Unlawful Manufacturing, Importing, Exporting, Trafficking, or Possession; Continuing Criminal Enterprise - Offenses Involving Drugs
|§2D1.12||GUIDELINES MANUAL||November 1, 2005|
and listed chemical should be considered (see Application Note 12 in the Commentary to §2D1.1).
4. Cases Involving Multiple Chemicals.—
(A) Determining the Base Offense Level for Two or More Chemicals.—Except as provided in subdivision (B), if the offense involves two or more chemicals, use the quantity of the single chemical that results in the greatest offense level, regardless of whether the chemicals are set forth in different tables or in different categories (i.e., list I or list II) under this guideline.
Example: The defendant was in possession of five kilograms of ephedrine and 300 grams of hydriodic acid. Ephedrine and hydriodic acid typically are used together in the same manufacturing process to manufacture methamphetamine. The base offense level for each chemical is calculated separately and the chemical with the higher base offense level is used. Five kilograms of ephedrine result in a base offense level of level 38; 300 grams of hydriodic acid result in a base offense level of level 26. In this case, the base offense level would be level 38.
(B) Determining the Base Offense Level for Offenses involving Ephedrine, Pseudoephedrine, or Phenylpropanolamine.—If the offense involves two or more chemicals each of which is set forth in the Ephedrine, Pseudoephedrine, and Phenylpropanolamine Quantity Table, (i) aggregate the quantities of all such chemicals, and (ii) determine the base offense level corresponding to the aggregate quantity.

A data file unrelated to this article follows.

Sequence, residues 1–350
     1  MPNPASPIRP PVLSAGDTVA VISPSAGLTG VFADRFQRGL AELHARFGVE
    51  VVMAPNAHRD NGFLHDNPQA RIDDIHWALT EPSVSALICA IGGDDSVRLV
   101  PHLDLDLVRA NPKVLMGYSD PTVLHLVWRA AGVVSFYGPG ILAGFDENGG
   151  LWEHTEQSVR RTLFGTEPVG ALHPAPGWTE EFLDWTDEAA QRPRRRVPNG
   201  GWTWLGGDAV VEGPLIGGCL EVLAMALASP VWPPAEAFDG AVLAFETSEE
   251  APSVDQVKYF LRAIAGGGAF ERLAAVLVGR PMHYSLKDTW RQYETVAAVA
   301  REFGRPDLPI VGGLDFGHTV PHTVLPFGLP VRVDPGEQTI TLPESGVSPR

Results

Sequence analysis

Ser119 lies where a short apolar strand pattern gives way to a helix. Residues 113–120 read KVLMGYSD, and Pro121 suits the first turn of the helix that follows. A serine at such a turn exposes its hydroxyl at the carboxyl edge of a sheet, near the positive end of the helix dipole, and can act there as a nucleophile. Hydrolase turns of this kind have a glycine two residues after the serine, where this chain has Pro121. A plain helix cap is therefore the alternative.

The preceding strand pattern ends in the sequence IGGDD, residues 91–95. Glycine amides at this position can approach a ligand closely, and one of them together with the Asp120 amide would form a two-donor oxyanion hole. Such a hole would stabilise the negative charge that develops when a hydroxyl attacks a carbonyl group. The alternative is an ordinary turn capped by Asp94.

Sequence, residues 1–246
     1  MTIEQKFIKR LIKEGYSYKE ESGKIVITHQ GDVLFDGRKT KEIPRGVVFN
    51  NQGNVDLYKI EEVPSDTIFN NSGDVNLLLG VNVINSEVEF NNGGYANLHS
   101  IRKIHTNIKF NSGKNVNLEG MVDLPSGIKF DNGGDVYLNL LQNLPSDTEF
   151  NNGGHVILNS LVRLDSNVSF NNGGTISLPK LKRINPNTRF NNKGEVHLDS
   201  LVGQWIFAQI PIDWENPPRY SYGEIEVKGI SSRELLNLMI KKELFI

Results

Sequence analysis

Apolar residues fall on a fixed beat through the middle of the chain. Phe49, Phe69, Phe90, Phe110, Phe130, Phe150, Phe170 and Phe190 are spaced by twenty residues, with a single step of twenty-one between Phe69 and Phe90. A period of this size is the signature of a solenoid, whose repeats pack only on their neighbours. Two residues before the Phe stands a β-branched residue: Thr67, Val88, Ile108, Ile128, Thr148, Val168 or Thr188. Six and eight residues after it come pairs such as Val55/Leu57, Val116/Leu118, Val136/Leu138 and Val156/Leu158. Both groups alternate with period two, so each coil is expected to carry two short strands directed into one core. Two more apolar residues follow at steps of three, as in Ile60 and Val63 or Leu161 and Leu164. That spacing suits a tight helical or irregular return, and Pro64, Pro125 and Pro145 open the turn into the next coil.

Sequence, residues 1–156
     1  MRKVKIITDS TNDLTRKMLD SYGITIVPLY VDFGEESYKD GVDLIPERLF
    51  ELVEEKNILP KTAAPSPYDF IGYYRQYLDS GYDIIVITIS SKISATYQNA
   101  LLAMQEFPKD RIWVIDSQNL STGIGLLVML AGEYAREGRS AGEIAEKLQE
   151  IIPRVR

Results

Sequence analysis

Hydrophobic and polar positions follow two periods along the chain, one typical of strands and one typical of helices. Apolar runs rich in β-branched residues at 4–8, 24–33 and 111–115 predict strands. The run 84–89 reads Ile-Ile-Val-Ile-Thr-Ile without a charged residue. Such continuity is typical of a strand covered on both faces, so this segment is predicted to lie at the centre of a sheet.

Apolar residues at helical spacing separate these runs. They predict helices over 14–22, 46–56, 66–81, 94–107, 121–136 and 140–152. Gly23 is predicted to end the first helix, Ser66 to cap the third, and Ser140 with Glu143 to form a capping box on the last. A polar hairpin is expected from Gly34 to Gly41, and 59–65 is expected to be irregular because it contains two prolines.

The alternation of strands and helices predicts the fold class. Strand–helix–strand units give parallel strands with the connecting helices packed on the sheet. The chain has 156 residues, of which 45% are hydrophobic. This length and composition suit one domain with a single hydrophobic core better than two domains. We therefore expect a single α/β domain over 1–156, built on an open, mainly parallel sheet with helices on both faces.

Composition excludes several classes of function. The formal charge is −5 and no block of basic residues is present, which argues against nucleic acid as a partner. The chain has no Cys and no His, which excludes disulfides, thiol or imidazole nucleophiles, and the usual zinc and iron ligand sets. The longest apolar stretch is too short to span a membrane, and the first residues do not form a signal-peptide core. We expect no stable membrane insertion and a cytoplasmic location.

Example: The defendant was in possession of 80 grams of ephedrine and 50 grams of phenylpropanolamine, an aggregate quantity of 130 grams of such chemicals. The base offense level corresponding to that aggregate quantity is level 32.
(C) Upward Departure.—In a case involving two or more chemicals used to manufacture different controlled substances, or to manufacture one controlled substance by different manufacturing processes, an upward departure may be warranted if the offense level does not adequately address the seriousness of the offense.
5. Convictions under 21 U.S.C. §§ 841(c)(2) and (f)(1), and 960(d)(2), (d)(3), and (d)(4) do not require that the defendant have knowledge or an actual belief that the listed chemical was to be used to manufacture a controlled substance unlawfully. In a case in which the defendant possessed or distributed the listed chemical without such knowledge or belief, a 3-level reduction is provided to reflect that the defendant is less culpable than one who possessed or distributed listed chemicals knowing or believing that they would be used to manufacture a controlled substance unlawfully.
6. Subsection (b)(3) applies if the conduct for which the defendant is accountable under §1B1.3 (Relevant Conduct) involved any discharge, emission, release, transportation, treatment, storage, or disposal violation covered by the Resource Conservation and Recovery Act, 42 U.S.C. § 6928(d), the Federal Water Pollution Control Act, 33 U.S.C. § 1319(c), or the Comprehensive Environmental Response, Compensation, and Liability Act, 42 U.S.C. §§ 5124, 9603(b). In some cases, the enhancement under subsection (b)(3) may not adequately account for the seriousness of the environmental harm or other threat to public health or safety (including the health or safety of law enforcement and cleanup personnel). In such cases, an
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